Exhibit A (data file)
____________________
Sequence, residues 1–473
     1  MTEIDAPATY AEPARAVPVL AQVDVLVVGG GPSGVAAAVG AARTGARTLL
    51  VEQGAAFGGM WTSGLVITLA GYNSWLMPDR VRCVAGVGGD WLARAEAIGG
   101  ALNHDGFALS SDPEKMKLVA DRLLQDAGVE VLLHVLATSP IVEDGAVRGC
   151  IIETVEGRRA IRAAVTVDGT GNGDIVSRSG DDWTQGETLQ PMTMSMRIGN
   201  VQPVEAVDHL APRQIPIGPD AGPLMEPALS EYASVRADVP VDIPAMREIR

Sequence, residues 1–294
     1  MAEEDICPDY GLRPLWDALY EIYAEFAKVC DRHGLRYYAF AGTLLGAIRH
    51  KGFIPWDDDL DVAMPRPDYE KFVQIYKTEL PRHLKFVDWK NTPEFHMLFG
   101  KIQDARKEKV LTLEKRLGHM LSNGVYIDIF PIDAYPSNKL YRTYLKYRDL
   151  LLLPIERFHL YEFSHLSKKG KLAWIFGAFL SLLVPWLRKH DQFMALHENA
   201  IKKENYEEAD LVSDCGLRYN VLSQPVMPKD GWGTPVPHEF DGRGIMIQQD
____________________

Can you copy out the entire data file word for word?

Sequence, residues 1–473
     1  MTEIDAPATY AEPARAVPVL AQVDVLVVGG GPSGVAAAVG AARTGARTLL
    51  VEQGAAFGGM WTSGLVITLA GYNSWLMPDR VRCVAGVGGD WLARAEAIGG
   101  ALNHDGFALS SDPEKMKLVA DRLLQDAGVE VLLHVLATSP IVEDGAVRGC
   151  IIETVEGRRA IRAAVTVDGT GNGDIVSRSG DDWTQGETLQ PMTMSMRIGN
   201  VQPVEAVDHL APRQIPIGPD AGPLMEPALS EYASVRADVP VDIPAMREIR

Sequence, residues 1–294
     1  MAEEDICPDY GLRPLWDALY EIYAEFAKVC DRHGLRYYAF AGTLLGAIRH
    51  KGFIPWDDDL DVAMPRPDYE KFVQIYKTEL PRHLKFVDWK NTPEFHMLFG
   101  KIQDARKEKV LTLEKRLGHM LSNGVYIDIF PIDAYPSNKL YRTYLKYRDL
   151  LLLPIERFHL YEFSHLSKKG KLAWIFGAFL SLLVPWLRKH DQFMALHENA
   201  IKKENYEEAD LVSDCGLRYN VLSQPVMPKD GWGTPVPHEF DGRGIMIQQD